Snow-capped peaks of two wonderful mountain ranges look down on the Lake. The Burenkhaan mountain range borders with Russia on the northern edge and contains the highest peak in the national park, called Munkh Saridag peak (3491m) in Burenkhaan Mountain range.
The Park includes the complete Lake Khuvsgul basin and contains the transition zone between the Central Asian Steppe comprised of forests and grasslands and the Siberian Taiga, which is dominated by forests of larch underlain with permafrost.
Lake Khuvsgul has been the home of nomadic pastoralists for thousands of years. Their lifestyles represent some of the most enduring traditions of Mongolia. Because the harsh climate, which is dominated by long and very cold winter, severely limits agriculture, semi-nomadic herding remains a dominant way of life. Herders and their animals, reindeers, sheep, goats, cattle, yaks and horses, have long been part of the ecosystem in and around the Park.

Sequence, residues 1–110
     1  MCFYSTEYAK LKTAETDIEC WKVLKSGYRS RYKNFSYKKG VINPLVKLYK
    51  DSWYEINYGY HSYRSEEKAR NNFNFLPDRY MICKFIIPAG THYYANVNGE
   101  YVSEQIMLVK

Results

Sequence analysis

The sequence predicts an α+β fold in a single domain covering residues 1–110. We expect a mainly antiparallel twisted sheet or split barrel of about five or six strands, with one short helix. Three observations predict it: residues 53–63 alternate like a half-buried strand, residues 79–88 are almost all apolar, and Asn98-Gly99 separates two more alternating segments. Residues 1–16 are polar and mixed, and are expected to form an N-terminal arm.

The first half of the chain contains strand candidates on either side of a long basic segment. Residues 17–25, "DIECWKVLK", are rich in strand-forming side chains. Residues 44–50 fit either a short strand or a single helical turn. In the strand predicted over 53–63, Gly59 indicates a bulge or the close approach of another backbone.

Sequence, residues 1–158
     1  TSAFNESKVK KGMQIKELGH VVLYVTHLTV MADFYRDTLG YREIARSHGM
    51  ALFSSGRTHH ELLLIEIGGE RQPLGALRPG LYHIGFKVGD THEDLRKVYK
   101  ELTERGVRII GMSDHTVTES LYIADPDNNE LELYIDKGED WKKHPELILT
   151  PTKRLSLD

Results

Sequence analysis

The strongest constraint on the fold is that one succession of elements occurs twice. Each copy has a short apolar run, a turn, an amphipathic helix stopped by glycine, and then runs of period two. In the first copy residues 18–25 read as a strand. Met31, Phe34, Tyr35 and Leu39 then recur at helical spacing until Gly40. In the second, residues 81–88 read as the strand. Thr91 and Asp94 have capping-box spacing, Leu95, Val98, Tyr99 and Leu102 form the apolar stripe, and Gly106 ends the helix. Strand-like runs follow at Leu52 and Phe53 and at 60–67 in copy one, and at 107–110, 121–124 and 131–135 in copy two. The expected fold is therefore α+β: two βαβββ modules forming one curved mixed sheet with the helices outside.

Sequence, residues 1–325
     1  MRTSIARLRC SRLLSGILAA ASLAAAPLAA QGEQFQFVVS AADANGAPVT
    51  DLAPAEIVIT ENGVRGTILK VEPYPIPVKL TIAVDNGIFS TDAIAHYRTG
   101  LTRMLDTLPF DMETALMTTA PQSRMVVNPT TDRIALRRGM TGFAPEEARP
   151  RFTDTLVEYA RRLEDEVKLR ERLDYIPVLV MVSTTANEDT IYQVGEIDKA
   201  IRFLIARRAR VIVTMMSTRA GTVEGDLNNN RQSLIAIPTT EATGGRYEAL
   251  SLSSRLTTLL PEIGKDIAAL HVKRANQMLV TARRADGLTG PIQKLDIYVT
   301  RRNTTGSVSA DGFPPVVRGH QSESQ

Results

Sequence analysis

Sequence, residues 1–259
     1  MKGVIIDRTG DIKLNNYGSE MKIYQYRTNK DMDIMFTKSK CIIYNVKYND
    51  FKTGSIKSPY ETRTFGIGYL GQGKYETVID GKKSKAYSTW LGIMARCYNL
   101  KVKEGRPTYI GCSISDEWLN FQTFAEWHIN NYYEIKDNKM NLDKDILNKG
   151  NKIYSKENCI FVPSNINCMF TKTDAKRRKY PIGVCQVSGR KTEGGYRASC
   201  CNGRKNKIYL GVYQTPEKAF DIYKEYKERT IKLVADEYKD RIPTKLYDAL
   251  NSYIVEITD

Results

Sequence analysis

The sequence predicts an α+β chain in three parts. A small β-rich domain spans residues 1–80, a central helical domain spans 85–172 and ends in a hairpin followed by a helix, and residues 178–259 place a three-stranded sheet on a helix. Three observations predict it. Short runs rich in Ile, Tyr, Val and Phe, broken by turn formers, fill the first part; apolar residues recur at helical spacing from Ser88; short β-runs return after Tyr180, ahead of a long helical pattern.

Hundreds of Bronze-Age ritual mounds and deer stones are found throughout the region, symbolizing a cultural history that witnessed the transition from early forms of worship and sacrifice to Shamanism- an oldest religious belief on earth, strongly guided by a reverence for nature that is still practiced in this remote area by Dukha-Darkhad tribe. Mongolians call as a “Tsaatan”, means “The Reindeer Herders”
The Lake Khuvsgul National Park offers great variety of leisure or sport activities and types of tours, that are nature sightseeing and study excursions, camping, all sorts of hiking and climbing, horse riding and trekking, biking, boating, kayaking.
Guided horse trips are offered and range from a few hours short rides to multi days of horse trekking to the most parts of the park and into more remote wilderness.